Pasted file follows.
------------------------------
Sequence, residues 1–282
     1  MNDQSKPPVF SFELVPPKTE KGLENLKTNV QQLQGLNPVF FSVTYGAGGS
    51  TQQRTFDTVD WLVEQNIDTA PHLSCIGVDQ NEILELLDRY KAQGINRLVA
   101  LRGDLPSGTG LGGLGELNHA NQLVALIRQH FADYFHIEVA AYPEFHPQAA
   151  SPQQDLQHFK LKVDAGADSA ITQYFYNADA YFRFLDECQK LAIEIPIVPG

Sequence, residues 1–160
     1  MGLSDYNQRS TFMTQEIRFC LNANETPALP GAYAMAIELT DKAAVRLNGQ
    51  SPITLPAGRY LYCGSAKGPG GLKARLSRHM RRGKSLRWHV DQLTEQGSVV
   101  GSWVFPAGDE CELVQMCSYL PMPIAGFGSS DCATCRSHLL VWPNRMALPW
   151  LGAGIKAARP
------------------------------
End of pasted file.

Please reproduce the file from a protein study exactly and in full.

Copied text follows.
Sequence, residues 1–282
     1  MNDQSKPPVF SFELVPPKTE KGLENLKTNV QQLQGLNPVF FSVTYGAGGS
    51  TQQRTFDTVD WLVEQNIDTA PHLSCIGVDQ NEILELLDRY KAQGINRLVA
   101  LRGDLPSGTG LGGLGELNHA NQLVALIRQH FADYFHIEVA AYPEFHPQAA
   151  SPQQDLQHFK LKVDAGADSA ITQYFYNADA YFRFLDECQK LAIEIPIVPG

Sequence, residues 1–160
     1  MGLSDYNQRS TFMTQEIRFC LNANETPALP GAYAMAIELT DKAAVRLNGQ
    51  SPITLPAGRY LYCGSAKGPG GLKARLSRHM RRGKSLRWHV DQLTEQGSVV
   101  GSWVFPAGDE CELVQMCSYL PMPIAGFGSS DCATCRSHLL VWPNRMALPW
   151  LGAGIKAARP